Sometimes he even went a step further. He only pretended to examine the urine and resorted to – or invented – a diagnosis that was probable and plausible, no matter what the urine looked like. In the spring, continuous fevers were very common. Therefore, he learnt from his teacher, Ulrich Lehner, he could hardly be mistaken when he diagnosed a fever, ideally adding, when he did not see the patient, that it might be hiding inside the body, in case the patient did not have the typical symptoms.60 When he saw or found out that the patient was already elderly, he could confidently proclaim that the patient suffered from fluxes which fell down to the chest, stomach, loins and limbs61 or that the patient had a bad stomach and expectorated a lot, especially in the morning.62 For it was common knowledge that many elderly patients suffered from such complaints because their vital heat was weakened and their stomach was no longer able to concoct the food sufficiently, producing lots of superfluities.63 He could add that the fluids in the head threatened to provoke a stroke or could make the legs feel heavy when they dripped downwards.64 With many patients, he could also hardly be wrong when he claimed that there was an “obstruction,” in the liver, the spleen or elsewhere in the body.65 Next to “fluxes,” “obstructions” were among the most common and widely known diagnoses. People were familiar, Handsch found, with the notion that the lungs, the spleen or the liver could be obstructed, swollen, full of mucus, ulcerous, putrid, or shrunk.66 When he examined the urine of a female patient, he could safely diagnose a diseased uterus.67 For the uterus was thought to be involved in most diseases of women. So once, when they brought him a urine sample from a place four miles away and only told him it was that of a woman, Handsch, according to his own account, only pretended he examined it. He then offered, in his “customary manner,”68 a diagnosis that was useful with many female patients: the patient had slimy, mucous matter in her uterus, which interfered with her menstruation. Sometimes she also felt heaviness around the loins and in her legs and was hard of breathing. The messenger confirmed everything and only wanted to know whether the lungs or the liver were also affected.69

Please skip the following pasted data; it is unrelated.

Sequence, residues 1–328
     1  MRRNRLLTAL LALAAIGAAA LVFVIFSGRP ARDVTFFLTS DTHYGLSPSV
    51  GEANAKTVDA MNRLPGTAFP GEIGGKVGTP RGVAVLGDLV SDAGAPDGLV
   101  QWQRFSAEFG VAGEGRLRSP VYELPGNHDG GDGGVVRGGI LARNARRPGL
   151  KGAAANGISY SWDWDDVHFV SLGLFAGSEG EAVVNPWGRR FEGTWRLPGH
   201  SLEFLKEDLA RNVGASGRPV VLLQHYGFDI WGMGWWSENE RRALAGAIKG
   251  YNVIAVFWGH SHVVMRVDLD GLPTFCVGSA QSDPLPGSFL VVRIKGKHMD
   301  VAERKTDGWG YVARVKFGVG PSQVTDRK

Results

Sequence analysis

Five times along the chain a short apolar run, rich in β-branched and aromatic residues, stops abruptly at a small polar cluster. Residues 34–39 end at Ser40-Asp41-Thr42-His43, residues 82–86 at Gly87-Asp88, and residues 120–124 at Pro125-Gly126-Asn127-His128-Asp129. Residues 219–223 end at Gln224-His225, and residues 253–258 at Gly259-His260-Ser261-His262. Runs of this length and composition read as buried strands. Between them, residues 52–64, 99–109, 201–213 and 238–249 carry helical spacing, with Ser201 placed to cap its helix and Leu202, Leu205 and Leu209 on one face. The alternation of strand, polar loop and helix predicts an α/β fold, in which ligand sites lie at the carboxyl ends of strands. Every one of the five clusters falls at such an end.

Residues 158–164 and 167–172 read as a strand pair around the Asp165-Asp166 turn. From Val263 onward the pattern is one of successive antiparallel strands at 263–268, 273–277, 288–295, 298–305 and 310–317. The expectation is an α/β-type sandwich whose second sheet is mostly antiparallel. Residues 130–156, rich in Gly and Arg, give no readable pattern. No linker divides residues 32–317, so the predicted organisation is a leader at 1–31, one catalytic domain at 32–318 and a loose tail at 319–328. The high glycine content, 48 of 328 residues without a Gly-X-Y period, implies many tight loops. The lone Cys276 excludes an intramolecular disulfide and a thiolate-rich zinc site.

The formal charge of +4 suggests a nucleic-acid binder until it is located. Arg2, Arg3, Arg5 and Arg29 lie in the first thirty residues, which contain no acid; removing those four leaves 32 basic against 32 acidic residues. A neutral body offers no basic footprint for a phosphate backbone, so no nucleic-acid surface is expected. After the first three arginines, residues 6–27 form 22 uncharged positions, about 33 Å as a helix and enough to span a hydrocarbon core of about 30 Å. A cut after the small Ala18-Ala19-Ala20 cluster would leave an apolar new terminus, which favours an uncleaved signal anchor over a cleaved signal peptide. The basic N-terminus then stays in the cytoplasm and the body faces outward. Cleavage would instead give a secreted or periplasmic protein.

Another major threat to the physician’s authority, and to the trust the patients set in him, was the uncertainty of prognosis. Many patients and families demanded a prognosis, if only to make sure spending money on medicines still made sense.70 Predicting the future course of a disease, especially when a patient had only just fallen sick, was notoriously tricky, however. For good reasons, some famous physicians like Niccolò Leoniceno and Giovanni Manardi, as Handsch learnt, could hardly ever be pressed to pronounce themselves at all on this point.71